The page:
Saltwater Lessons in Customer Service
Clues about how to succeed in providing superior service are
everywhere. On a fun-in-the-sun trip, I learned more than my fair
share. My husband and I had been scuba diving only once before,
ten years earlier, but Tom, our instructor, wasnít concerned. As
the boat headed in the direction of Nothing But Water, he said
heíd tell us everything we needed to know Ė and he did.
In 30 seconds, he mentioned 47 different things to remember
when youíre 40 feet beneath the surface. To check your oxygen
level, do this. If you feel pressure in your ears, do that. If
your mask fills up with water . . . Your mask fills up
with water? But Tom was too busy racing through his
list to ask if we were absorbing his high-speed instructions.
When he finished, he said, "Itís easy; thereís nothing to
I wasnít sure I agreed. The regulator kept slipping out of my
mouth and I knew that if that happened underwater, I could
swallow the ocean and drown. I asked Tom about it, and he pointed
to the two flanges in the mouthpiece that youíre supposed to
clamp down on with your back teeth. Do that and the regulator
stay in just fine. Just a minor detail, I suppose. I clamped down
so hard that my jaw hurt the next day.
While heading to the site of our second dive, Tom said
something about staying close to the bottom during this dive
because of pockets of fresh water turbulence that can propel you
toward the surface. He didnít stress this point, though, or
caution us to keep it in mind, or suggest that it could be
So it was a shock when I got caught in one of those pockets of
turbulence and was suddenly and rapidly propelled to the surface,
where I got caught in a whirlpool and couldnít catch my breath.
Tom emerged from the depths, rescued me, and said, "Now do you see what I mean by staying close
to the bottom?" Indeed, yes!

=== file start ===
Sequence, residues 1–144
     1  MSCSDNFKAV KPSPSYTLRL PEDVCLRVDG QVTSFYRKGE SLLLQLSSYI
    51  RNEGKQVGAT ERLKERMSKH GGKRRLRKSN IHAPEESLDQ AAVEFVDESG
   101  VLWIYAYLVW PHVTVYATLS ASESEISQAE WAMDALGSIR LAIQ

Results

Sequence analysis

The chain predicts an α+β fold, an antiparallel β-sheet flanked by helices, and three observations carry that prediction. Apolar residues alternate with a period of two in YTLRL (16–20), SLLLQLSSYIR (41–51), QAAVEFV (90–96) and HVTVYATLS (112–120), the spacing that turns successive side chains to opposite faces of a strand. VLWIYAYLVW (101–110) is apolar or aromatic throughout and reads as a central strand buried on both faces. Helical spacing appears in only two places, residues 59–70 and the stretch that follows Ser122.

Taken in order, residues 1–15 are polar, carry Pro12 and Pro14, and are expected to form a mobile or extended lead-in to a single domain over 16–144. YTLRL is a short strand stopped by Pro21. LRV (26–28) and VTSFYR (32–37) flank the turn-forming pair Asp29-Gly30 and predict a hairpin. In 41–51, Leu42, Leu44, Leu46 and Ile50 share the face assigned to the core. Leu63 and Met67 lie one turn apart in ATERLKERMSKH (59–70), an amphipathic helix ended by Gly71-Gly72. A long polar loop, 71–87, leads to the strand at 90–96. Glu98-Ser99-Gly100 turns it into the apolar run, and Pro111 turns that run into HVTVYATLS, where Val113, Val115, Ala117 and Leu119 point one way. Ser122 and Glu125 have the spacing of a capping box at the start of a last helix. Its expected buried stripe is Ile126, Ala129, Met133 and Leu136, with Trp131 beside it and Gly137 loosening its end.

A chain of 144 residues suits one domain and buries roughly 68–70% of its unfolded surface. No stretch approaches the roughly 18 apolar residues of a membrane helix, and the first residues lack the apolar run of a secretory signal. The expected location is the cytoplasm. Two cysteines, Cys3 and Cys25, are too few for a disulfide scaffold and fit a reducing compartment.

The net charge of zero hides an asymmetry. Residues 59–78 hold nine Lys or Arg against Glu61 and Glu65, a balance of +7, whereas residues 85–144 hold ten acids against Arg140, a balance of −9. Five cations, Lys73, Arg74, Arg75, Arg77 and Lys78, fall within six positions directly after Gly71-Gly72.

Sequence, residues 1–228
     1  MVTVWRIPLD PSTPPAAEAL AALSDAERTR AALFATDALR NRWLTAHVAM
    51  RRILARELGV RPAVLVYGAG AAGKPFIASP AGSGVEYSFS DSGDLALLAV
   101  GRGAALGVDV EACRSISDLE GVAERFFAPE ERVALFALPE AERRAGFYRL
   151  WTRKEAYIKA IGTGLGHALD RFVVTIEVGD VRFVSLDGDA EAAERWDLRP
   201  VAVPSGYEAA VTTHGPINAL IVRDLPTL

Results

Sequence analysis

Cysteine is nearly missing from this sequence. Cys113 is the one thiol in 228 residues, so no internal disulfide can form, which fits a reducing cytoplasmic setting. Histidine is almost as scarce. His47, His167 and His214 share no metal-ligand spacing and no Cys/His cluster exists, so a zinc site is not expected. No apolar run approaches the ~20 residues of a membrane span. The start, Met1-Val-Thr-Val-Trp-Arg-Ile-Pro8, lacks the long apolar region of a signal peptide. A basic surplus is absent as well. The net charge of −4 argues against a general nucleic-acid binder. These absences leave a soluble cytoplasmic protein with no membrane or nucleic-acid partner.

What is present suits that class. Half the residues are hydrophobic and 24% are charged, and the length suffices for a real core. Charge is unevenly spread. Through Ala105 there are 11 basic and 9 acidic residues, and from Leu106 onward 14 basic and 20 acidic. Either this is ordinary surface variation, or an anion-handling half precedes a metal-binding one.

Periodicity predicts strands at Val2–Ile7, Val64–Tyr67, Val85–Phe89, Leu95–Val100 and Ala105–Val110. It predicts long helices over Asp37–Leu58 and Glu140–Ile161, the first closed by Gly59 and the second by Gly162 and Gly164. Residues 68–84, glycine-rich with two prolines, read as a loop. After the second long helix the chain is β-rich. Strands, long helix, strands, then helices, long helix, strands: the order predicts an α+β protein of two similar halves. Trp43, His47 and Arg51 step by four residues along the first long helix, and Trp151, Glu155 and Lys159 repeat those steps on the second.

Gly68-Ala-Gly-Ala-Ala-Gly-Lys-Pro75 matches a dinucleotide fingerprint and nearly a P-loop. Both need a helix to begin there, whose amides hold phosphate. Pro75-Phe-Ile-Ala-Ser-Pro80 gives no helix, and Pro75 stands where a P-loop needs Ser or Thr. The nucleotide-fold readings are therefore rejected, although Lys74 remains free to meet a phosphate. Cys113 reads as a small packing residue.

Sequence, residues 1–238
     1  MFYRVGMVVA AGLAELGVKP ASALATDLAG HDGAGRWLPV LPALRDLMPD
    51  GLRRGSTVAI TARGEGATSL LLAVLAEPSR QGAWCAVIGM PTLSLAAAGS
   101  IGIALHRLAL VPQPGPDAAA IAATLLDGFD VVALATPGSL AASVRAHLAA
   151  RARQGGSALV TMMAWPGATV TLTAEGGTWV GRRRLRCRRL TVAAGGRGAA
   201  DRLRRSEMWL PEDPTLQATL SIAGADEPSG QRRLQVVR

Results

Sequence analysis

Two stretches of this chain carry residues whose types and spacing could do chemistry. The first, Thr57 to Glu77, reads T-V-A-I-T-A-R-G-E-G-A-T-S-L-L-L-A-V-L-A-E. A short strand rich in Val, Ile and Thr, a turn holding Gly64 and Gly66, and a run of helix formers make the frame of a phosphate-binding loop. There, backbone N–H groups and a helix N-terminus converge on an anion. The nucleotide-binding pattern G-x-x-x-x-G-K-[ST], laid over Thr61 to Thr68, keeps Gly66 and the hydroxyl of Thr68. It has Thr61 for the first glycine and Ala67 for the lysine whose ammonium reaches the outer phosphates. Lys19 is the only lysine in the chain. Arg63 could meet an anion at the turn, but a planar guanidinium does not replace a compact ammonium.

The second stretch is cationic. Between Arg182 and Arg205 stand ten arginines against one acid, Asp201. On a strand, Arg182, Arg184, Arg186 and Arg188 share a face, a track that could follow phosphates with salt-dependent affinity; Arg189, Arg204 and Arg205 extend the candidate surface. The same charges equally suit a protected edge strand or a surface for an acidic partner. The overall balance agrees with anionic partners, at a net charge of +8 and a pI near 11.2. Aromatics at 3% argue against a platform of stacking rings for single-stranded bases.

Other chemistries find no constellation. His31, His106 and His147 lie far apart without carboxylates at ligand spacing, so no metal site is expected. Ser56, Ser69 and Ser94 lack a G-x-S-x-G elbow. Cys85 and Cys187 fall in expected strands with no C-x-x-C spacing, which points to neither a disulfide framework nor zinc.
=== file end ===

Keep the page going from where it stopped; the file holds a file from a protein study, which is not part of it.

Unaccustomed as we are to leaving well enough alone, we rented
a two-person speedboat the next day. This tiny boat reached
incredible speeds, and we wondered about the risk of being tossed
out and getting chopped up by the motor blades. So we went back
to shore to find out. "Oh," said the rental manager, "didnít I
tell you about the safety switch?"
Safety switch? What safety switch? Landlubbers that we are, we
hadnít even noticed the loop on the life jacket that you attach
to the safety switch on the front panel of the boat. Then, if
youíre hurled from the boat, the loop yanks on the switch,
turning off the motor and stopping the boat before youíre chopped
into shark food. Just another minor detail.
Then there was parasailing. To parasail, you pay an outrageous
fee that entitles you to spend 10 minutes in midair, seated in a
harness thatís attached to a speedboat down below and a parachute
up above. I asked the attendant, "Is this thing safe?" He said,
"Absolutely!" as he handed us a release form to sign, relieving
him of responsibility for all the things that could go wrong
while we were up in the air being safe. Is there any chance of
landing in the water? "None," replied the attendant, as he gave
us life jackets to wear in case we landed in the water.
What did I learn on this trip about delivering superior
service? Lots: Donít assume people will understand how to do
something if they havenít tried it themselves. When something is
critical, say so. Conscientiously encourage questions. Never say,
"Itís easy, thereís nothing to it." Avoid giving mixed messages.
Repeat important information. Pay attention to minor details. Be
especially careful not to overlook the obvious.
Especially careful. Your customersí survival
may depend on it.